What I find interesting is the description found on the group’s website explaining why members chose to portray men in the Wiking Division. Iott and others seem to believe that there is something historically and – by extension morally – significant about the unit’s service on the Eastern Front against the Russian Army:
Nazi Germany had no problem in recruiting the multitudes of volunteers willing to lay down their lives to ensure a “New and Free Europe”, free of the threat of Communism. National Socialism was seen by many in Holland, Denmark, Norway, Finland, and other eastern European and Balkan countries as the protector of personal freedom and their very way of life, despite the true underlying totalitarian (and quite twisted, in most cases) nature of the movement. Regardless, thousands upon thousands of valiant men died defending their respective countries in the name of a better tomorrow. We salute these idealists; no matter how unsavory the Nazi government was, the front-line soldiers of the Waffen-SS (in particular the foreign volunteers) gave their lives for their loved ones and a basic desire to be free.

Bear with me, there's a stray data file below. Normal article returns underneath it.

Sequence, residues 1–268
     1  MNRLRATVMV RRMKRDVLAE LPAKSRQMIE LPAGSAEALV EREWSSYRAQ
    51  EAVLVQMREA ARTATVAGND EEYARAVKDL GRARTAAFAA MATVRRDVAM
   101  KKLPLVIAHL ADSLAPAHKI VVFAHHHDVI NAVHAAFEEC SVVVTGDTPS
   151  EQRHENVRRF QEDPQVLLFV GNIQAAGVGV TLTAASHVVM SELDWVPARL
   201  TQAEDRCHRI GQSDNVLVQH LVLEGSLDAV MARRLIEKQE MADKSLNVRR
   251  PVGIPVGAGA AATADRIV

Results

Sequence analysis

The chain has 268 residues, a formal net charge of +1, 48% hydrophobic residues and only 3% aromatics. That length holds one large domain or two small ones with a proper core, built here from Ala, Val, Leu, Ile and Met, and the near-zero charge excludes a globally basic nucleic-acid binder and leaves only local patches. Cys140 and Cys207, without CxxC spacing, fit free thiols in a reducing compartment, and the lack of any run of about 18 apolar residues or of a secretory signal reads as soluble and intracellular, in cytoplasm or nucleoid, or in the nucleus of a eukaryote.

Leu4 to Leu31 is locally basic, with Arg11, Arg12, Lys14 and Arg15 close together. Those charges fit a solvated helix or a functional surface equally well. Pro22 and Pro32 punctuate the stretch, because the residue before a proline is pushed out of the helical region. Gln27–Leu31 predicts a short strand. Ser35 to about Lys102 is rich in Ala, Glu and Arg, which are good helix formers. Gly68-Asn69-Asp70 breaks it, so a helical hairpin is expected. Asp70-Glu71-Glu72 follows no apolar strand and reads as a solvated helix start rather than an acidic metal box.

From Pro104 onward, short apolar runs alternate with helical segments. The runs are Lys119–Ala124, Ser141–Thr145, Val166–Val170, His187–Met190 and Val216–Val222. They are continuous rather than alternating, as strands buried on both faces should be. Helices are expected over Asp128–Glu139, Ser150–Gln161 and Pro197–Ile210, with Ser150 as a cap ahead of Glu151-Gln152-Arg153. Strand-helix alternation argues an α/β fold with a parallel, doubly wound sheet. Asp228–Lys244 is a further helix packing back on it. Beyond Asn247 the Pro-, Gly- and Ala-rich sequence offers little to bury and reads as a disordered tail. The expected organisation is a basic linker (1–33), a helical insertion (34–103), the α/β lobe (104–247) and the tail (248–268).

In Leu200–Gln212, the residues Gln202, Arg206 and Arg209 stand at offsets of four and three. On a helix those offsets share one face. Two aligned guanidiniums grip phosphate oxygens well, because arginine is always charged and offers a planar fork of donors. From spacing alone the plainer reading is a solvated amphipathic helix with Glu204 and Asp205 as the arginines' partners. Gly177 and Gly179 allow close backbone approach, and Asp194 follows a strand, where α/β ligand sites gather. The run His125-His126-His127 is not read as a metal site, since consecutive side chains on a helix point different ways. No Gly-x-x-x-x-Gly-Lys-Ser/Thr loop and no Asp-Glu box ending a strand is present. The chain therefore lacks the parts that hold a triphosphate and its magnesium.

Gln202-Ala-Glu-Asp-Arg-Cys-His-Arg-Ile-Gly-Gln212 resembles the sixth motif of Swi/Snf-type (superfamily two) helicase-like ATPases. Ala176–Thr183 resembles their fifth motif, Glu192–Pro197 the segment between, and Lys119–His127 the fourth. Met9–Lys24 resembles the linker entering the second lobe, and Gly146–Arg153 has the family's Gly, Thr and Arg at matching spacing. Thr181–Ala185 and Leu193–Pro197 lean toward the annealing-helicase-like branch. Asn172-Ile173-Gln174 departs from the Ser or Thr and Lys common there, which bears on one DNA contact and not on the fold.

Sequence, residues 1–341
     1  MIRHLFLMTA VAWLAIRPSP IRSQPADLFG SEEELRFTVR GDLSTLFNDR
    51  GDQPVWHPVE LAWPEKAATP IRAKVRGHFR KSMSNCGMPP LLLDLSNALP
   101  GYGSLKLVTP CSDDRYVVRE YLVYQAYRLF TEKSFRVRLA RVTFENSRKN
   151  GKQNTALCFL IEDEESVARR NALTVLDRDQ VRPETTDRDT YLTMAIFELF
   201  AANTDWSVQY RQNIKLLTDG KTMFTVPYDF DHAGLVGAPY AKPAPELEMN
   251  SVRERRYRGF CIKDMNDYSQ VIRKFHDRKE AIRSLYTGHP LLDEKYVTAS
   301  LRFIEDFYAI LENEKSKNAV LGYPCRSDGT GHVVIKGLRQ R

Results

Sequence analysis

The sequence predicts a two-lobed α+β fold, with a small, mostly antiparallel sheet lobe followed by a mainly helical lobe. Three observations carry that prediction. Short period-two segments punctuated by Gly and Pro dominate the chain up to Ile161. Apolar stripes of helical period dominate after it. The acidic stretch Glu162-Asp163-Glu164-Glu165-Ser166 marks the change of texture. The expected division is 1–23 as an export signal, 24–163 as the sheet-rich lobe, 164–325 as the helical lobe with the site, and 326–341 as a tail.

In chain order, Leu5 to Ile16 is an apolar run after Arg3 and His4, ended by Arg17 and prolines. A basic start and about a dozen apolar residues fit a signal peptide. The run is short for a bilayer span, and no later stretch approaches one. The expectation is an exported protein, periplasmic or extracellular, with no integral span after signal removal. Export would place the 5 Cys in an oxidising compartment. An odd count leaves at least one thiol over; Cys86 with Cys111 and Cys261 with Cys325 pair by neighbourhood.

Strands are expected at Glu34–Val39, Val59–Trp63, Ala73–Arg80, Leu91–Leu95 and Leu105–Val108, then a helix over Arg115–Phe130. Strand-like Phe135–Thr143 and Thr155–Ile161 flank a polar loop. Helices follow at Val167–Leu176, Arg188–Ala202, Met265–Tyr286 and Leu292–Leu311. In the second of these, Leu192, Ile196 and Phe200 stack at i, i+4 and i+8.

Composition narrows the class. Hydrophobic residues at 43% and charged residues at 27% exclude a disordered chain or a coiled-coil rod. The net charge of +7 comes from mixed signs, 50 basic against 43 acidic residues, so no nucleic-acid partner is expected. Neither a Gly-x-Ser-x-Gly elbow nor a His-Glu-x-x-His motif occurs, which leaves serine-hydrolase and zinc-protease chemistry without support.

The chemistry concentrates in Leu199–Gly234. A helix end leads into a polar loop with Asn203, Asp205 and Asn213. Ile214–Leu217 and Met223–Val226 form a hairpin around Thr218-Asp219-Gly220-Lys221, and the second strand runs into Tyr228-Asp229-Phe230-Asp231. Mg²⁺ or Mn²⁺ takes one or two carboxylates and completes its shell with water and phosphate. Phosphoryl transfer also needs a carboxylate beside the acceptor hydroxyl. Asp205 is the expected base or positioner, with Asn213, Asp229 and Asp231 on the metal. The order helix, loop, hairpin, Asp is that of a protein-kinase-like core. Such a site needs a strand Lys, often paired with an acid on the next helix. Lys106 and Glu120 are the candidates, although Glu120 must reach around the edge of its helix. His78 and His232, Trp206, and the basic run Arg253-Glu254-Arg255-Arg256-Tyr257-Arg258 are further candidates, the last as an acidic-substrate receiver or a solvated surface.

Of course, historians of World War II take issue with such a characterization as unhistorical and overly romantic. Hmm…I think I’ve seen this before:
Asked whether his participation in a Nazi re-enactor’s group might not upset voters, particularly Jewish voters, Iott said he hoped it would not: “They have to take it in context. There’s reenactors out there who do everything. You couldn’t do Civil War re-enacting if somebody didn’t play the role of the Confederates. [This] is something that’s definitely way in the past. … [I hope voters] take it in context and see it for what it is, an interest in World War II history. And that’s strictly all.”
It’s interesting to reflect on another example where the history is distorted so as to allow for the commemoration, celebration, or reenactment of the lives of soldiers without having to confront the tough moral questions.